Article by - Powell River Living - May 2019
The funding the society receives from the Department of Fisheries and Oceans is the same today as it was 37 years ago. “That’s why we have to focus on fundraising,” says Shane. Construction of the first PRSS hatchery got underway in 1981 with the building of the Duck Lake Facility. At the Mill, the first hatchery was built in 1986 – a trout hatchery – thanks to a small government grant.
The present mill hatchery was built in 2000 and the Alex Dobler Salmon Centre in 1993. “The infrastructure that the PRSS has developed is very unique. In some ways it’s comparable to a major government hatchery,” says Shane. The Alex Dobler Salmon Centre at Lang Creek is not a hatchery, but it’s the facility most people associate with the PRSS. Here, staff and volunteers assess stock, collect broodstock, do egg takes and provide many educational experiences.
A family legacy: like father, like son: Shane recalls his father Alex standing on the banks of Lang Creek, in the late 1980s, watching the fish coming in. At the time, the then-teenaged Shane volunteered at the salmon society. “I helped weld the first fish trap,” he says. “One of the reasons the Society could build the Lang Creek facility and salmon centre was because of the skills that Dad and Lee [Kimball] had, and their willingness to contribute their skills to the cause. That was the time of the greatest expansion in the history of the Powell River Salmon Society. Everything that we’ve been successful with since is because of what was done in that era.” Lee Kimball, who worked for the salmon society for five years and has volunteered ever since, was one of those talented guys who could turn his hand to anything and literally “fix a car with a bobby pin,” says Shane. “My Dad and Lee built the brood tanks and fishway at Lang Bay. Our fish rail is another innovative piece for lifting fish,” he adds.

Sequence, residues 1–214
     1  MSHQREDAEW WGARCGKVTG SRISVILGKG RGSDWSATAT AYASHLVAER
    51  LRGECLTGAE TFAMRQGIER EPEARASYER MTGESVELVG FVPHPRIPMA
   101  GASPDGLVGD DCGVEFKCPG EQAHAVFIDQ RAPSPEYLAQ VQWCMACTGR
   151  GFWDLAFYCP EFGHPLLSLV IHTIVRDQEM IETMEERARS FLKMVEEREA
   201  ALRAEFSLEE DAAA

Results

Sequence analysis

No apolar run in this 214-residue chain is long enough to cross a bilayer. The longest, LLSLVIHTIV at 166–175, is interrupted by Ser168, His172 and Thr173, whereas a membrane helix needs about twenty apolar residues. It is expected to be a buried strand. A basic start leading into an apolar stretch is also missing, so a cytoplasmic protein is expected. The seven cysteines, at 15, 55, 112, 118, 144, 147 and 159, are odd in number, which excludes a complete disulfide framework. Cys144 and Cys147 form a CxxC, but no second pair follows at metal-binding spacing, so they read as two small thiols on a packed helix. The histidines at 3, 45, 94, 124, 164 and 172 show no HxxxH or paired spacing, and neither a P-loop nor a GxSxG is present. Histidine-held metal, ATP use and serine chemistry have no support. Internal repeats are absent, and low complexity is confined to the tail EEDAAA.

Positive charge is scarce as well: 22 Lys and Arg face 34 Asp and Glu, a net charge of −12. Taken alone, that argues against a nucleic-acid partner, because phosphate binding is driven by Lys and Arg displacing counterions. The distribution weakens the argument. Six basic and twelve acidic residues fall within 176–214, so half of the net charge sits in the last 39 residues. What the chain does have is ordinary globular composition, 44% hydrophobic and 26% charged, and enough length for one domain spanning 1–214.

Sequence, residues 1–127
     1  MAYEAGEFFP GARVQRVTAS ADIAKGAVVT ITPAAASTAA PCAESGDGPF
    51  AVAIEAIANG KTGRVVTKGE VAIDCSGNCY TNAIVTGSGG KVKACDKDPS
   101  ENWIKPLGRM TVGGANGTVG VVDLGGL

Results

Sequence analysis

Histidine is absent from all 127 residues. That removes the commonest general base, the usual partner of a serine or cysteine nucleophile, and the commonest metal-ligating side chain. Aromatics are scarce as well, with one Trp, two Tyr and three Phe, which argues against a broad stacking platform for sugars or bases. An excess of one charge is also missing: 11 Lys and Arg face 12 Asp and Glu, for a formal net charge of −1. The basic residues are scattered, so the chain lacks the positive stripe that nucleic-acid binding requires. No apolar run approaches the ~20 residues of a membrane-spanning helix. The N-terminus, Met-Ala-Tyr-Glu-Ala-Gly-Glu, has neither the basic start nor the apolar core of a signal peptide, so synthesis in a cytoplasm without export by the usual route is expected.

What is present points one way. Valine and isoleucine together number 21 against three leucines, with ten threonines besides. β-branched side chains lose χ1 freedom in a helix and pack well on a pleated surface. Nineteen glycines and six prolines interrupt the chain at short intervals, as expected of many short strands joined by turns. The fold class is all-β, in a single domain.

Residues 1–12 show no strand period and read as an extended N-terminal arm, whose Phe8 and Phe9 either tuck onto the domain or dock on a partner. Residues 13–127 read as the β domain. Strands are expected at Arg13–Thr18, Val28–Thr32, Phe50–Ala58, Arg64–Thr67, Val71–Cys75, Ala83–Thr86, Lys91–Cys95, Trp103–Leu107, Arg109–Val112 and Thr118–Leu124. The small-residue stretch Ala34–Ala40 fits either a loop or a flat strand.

The amount of work involved to create the Lang Creek facility is mind boggling, says Shane, looking back. “What we did with steel, machinery, excavation, pipelines and welding to build it. The fish were almost secondary then.” It was 1991 when Shane was first hired by the Salmon Society. “It was a temporary position as a fish technician and helper but even at 20, I could see this was a special time,” says Shane. “I was part of something bigger during that whole five-year period. It helped identify who I am, who I became,” he says. “It’s funny how fish have led me to people who have improved me in a lot of ways.” Now, nearly three decades later, Shane and his wife Holly are empty nesters. They’ve recently begun hosting international students, and he’s thrilled to share how much he loves what he does with them. “Many of them have never fished before,” says Shane. “They’re totally excited when they catch their first fish.”